- ByteDance’s new division, BytePlus, is set to sell the tech underpinning TikTok and its other apps.
- ByteDance’s Singapore office is believed to be in the final stages of hiring a BytePlus sales team.
- The news could concern those already worried about the reach of ByteDance’s tech through TikTok.
- See more stories on Insider’s business page.
TikTok’s parent company, ByteDance, is preparing to sell the tech underpinning its wildly popular video app as business-to-business products, and is hiring to do it.
BytePlus, the newly launched arm of the company, offers products such as visual effects based on ByteDance’s expertise in computer vision, machine-translation tools, and a recommender system that looks to be a version of the one that powers TikTok, its Chinese sister app Douyin, and the news aggregator Toutiao.
Insider understands that hiring for sales positions in Singapore is at an advanced stage ahead of entry into the market later this year.
Since ByteDance’s founding in March 2012, the company, which has headquarters in Beijing, has undergone exceptional growth thanks to the technology underpinning its most popular apps, which is largely developed by engineering teams in China.
BytePlus appears to be a Westernized version of Volcengine, ByteDance’s Chinese-facing version of the B2B underlying tech offering.
The tech expert Rui Ma said the process is similar to Amazon, which “also insists that products are developed in a modularized fashion.”
“We can look forward to more such initiatives from ByteDance as they continue to execute on the strategy of productizing internal tools and products,” Ma added.
“This is the first time a Chinese company is trying to do this data-analytical business,” said Jian Lin of the University of Groningen, who has studied TikTok and ByteDance.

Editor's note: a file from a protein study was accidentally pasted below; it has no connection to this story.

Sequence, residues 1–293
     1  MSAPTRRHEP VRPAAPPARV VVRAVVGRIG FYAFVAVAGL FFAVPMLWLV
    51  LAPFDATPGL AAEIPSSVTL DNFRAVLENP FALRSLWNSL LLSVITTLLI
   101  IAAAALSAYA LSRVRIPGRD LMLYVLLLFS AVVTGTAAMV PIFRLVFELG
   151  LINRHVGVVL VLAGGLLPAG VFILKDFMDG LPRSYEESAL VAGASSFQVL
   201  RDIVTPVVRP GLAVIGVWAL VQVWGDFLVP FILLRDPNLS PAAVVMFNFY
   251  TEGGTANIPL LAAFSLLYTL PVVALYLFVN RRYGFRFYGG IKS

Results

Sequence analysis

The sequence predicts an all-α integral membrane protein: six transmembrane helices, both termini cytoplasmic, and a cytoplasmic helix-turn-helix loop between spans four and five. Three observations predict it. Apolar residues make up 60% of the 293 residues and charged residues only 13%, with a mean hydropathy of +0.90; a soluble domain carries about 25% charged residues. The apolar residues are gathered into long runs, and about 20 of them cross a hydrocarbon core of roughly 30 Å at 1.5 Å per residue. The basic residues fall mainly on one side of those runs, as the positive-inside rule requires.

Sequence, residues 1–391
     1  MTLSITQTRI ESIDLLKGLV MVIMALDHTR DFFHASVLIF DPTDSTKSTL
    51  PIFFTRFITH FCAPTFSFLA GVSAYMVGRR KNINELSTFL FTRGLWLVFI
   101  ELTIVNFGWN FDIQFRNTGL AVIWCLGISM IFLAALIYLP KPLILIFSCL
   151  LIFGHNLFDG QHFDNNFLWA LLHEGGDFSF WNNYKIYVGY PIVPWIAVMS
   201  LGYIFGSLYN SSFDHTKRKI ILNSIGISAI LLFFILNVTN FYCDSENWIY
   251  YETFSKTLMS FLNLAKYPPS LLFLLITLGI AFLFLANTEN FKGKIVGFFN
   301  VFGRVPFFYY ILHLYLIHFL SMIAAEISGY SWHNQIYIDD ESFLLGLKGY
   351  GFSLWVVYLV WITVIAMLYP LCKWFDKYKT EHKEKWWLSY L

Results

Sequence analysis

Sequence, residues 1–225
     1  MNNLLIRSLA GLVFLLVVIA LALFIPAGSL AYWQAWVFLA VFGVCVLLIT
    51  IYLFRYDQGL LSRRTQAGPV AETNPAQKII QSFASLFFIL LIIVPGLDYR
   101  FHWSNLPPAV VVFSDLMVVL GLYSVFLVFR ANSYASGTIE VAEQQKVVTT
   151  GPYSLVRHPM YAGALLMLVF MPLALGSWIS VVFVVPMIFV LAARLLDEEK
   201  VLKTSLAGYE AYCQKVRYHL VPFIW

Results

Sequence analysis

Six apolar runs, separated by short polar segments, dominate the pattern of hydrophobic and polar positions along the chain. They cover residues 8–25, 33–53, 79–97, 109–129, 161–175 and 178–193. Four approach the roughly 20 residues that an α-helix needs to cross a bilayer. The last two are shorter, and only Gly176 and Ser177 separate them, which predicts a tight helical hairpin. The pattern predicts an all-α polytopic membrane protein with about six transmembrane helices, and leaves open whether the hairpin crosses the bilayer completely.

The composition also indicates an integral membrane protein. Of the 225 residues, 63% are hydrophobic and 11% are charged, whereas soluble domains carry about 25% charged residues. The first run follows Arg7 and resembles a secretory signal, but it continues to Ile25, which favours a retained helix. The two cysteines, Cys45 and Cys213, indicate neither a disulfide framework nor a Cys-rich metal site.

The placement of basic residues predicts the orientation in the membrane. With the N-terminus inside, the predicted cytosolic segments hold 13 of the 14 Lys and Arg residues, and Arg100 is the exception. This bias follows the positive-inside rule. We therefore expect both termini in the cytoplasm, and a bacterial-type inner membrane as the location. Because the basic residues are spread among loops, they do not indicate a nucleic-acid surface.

“By doing this, ByteDance wants to establish its infrastructural power on the global internet. It’s a very ambitious move,” Lin added.
Among the existing case studies on the BytePlus website, large parts of which have been launched in the past month, is Wego, a travel search engine in Singapore.
There is also XinXin, an online beauty store that uses BytePlus’ computer-vision tech to allow users to virtually try on items. XinXin is also a case study on Volcengine’s website.
The final case study is TikTok itself. To emphasize the power of ByteDance’s recommendation system, BytePlus claims TikTok saw a 20% increase in sign-up conversions for upcoming events when sending personalized messages to users who had previously engaged with similar content.
A ByteDance spokesperson declined to comment on BytePlus.
They also declined to say from where BytePlus customers would receive tech support, given that the company’s workforce is still predominantly in China.
This has fanned politicians’ concerns about the reach of the company and the potential for Western user data to be accessed by China’s ruling party.
There remains no evidence the Chinese state has ever accessed the Western user data on ByteDance’s apps. TikTok has maintained that it would refuse a request if asked.
The company has recently tried to diversify its engineering talent away from China, while maintaining its world-class technologies.
Insider previously reported that the company is seeking to hire talented students and academics studying natural language processing, computer vision and graphics, and speech recognition.
A separate initiative offered partnerships with academic institutions.
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